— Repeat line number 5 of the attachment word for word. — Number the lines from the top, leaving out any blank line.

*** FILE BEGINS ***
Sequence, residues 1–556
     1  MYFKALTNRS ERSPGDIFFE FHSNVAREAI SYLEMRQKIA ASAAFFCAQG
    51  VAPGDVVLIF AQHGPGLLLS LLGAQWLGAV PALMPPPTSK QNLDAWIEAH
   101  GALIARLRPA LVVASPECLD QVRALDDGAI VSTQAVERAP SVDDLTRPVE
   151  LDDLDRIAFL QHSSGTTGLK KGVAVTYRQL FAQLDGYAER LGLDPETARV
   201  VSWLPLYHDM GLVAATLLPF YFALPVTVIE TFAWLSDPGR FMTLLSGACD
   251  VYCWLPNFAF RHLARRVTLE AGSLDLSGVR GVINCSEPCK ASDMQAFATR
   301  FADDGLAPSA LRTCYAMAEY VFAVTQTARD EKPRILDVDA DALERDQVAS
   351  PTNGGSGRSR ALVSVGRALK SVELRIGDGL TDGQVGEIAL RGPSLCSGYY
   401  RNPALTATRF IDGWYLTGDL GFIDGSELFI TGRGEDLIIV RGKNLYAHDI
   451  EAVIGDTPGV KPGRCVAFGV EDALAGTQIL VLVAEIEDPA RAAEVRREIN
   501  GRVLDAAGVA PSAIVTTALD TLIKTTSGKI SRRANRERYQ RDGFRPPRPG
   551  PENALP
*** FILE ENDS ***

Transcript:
   151  LDDLDRIAFL QHSSGTTGLK KGVAVTYRQL FAQLDGYAER LGLDPETARV